Zimmerman Pine Moth
This insect has an extended life cycle in which it repeatedly bores under the bark of common pine trees to feed and overwinter. There are two treatment windows timed for the larval stage of the insect; one in April and another in August. Severe damage will cause branch and whole tree death.
- What to look for: The adult moths are nocturnal and difficult to see. Look for characteristic pitch masses under large branch connections at the trunk.
- Where to look: Preferred hosts are Scots and Austrian Pines, but also Mugo and White Pine
Spider Mites fall into two categories: either cool-season or warm-season (relating to their active weather conditions). Two-Spotted spider mites are a common, warm-season spider mite that thrives in hot and dry weather. Individual insects require a magnifying loupe to see, but in heavy infestations look like fine sand collecting on the underside of affected leaves.
- What to look for: A bronzing or stippling of leaves. Severe infections have visible webbing on affected branches.
- Where to look: This insect is a generalist and has over 180 preferred plant hosts! Commonly seen on Arbor Vitae and Cotoneaster.
One of the largest and easiest to identify scales, this insect is a menace to magnolia trees. Magnolia scale is a soft-bodied scale, and can be found in large clusters along woody stems. Frequently these insects become a nuisance due to their excessive secretion of honeydew, which causes sooty mold to coat anywhere it lands. Systemic treatments are highly effective, as well as well timed spray treatments in the late summer.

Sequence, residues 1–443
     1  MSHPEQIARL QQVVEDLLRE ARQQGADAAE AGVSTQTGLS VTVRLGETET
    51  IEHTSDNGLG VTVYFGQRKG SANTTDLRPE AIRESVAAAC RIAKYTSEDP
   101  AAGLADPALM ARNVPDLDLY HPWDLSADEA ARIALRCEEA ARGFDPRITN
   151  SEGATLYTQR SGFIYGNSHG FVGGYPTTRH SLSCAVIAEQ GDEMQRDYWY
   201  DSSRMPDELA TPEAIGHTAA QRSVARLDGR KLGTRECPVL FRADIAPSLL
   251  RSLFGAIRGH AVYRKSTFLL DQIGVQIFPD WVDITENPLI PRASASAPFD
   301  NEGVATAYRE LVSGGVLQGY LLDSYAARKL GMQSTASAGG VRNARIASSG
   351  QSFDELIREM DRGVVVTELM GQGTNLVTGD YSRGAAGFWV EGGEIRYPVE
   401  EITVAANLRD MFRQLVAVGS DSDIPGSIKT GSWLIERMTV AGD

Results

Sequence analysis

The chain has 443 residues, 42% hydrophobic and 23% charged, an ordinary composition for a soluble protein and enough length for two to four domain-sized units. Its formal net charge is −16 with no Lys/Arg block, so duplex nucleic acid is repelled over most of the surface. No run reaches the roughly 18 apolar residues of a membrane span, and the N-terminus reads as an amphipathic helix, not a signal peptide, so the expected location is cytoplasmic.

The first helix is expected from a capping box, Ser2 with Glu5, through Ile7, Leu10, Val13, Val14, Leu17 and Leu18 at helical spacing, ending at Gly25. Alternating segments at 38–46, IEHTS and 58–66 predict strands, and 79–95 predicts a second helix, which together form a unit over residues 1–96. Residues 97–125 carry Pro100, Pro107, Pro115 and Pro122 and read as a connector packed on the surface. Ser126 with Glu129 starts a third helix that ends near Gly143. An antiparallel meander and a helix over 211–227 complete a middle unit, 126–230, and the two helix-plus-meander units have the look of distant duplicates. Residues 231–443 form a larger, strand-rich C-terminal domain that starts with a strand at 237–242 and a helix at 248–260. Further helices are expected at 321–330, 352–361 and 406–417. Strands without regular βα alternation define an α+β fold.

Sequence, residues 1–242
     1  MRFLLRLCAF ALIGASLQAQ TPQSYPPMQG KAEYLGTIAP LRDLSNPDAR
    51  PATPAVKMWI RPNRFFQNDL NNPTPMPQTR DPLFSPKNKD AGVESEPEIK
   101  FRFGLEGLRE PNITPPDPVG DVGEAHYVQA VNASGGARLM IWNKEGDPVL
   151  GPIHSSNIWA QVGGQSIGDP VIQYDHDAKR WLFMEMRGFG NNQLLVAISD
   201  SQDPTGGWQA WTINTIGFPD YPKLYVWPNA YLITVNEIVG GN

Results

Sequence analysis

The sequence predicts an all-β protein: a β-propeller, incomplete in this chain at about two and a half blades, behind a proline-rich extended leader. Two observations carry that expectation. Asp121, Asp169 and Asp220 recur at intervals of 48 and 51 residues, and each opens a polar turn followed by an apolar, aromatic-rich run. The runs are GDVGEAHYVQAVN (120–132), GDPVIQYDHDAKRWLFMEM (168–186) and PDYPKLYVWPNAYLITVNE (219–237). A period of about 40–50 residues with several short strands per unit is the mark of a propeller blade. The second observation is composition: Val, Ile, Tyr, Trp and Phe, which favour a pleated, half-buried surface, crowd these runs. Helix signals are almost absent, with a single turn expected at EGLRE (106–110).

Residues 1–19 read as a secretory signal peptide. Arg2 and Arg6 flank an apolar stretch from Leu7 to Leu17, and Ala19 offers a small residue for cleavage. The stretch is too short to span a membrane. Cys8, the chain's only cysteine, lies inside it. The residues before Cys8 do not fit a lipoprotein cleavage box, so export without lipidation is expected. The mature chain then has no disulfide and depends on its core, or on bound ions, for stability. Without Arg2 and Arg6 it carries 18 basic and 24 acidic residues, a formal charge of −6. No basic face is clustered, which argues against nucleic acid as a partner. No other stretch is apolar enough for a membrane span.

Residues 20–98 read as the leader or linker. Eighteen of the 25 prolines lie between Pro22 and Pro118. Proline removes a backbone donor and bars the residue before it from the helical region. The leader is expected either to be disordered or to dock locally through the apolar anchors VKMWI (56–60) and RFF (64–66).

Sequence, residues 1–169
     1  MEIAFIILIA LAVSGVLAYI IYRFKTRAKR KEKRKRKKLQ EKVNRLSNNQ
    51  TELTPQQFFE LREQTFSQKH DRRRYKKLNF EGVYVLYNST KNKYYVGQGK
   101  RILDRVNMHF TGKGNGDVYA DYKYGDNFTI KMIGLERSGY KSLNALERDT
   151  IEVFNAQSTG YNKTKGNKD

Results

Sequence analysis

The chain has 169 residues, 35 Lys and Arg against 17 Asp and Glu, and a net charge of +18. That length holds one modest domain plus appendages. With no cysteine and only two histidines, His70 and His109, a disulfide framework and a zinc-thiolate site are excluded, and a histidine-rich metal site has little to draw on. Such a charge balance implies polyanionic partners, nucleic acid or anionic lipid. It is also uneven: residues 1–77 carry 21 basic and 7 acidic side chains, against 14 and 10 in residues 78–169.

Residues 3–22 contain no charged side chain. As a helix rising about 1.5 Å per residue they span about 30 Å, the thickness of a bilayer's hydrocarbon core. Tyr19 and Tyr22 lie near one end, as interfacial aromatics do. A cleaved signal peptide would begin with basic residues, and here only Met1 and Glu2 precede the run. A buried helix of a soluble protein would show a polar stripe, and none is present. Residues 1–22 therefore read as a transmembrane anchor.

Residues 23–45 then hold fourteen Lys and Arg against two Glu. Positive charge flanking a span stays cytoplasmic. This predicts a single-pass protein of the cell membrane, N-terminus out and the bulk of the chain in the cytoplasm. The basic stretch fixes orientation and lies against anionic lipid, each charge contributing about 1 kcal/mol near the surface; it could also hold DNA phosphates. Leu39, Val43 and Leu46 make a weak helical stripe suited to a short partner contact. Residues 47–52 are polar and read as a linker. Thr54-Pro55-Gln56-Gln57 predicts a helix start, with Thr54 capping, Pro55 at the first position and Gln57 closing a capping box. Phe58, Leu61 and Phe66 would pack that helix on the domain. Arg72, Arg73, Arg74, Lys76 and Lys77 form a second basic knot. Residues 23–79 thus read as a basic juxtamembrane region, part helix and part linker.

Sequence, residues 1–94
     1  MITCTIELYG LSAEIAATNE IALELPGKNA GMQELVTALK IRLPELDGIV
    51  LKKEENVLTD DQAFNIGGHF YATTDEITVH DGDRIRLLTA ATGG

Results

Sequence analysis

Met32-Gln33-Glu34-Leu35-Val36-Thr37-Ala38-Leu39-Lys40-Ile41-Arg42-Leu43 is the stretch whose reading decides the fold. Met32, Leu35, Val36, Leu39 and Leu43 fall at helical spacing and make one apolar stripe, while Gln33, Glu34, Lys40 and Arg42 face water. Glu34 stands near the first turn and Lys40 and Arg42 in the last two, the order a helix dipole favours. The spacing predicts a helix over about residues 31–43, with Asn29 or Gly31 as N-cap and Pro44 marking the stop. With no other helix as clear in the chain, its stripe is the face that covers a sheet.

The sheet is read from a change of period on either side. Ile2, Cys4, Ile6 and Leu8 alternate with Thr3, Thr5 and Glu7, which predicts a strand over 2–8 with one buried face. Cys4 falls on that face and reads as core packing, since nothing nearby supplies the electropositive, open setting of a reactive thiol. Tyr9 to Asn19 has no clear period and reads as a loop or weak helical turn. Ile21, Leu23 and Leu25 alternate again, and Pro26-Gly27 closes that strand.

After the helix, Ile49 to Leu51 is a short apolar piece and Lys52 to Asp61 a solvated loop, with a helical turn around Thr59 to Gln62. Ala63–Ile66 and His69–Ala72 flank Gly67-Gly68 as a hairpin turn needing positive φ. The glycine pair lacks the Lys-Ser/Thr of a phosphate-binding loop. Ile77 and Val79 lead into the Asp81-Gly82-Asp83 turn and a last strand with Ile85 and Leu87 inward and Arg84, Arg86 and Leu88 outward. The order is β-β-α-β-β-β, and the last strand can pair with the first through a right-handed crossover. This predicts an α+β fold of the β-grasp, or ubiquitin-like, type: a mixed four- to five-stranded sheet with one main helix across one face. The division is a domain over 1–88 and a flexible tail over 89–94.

- What to look for: Look on the underside of branches for large, whitish/cream colored bumps. Also look for blackened leaves caused by sooty mold growth feeding on the honeydew secretions.
- Where to look: Most Magnolia species are susceptible to some level.
Aphids (and most piercing-sucking insects) are at their peak levels right now. There are a wide range of aphids species that look very different. These insects will rarely kill their host, but heavy infestations can weaken plant defenses to more serious pests. Additionally, excessive honeydew production can cause surfaces below to be covered in sticky residue and sooty mold. Some more serious pathogens (bacterial and viral) have evolved to move from host to using by hitching a ride on these insects.
- What to look for: check low branches for physical signs of the insects. Commonly the infestation is made apparent by heavy sooty mold presence on underlying surfaces.
- Where to look: Aphids come in a wide range of flavors and prefer a wide range of hosts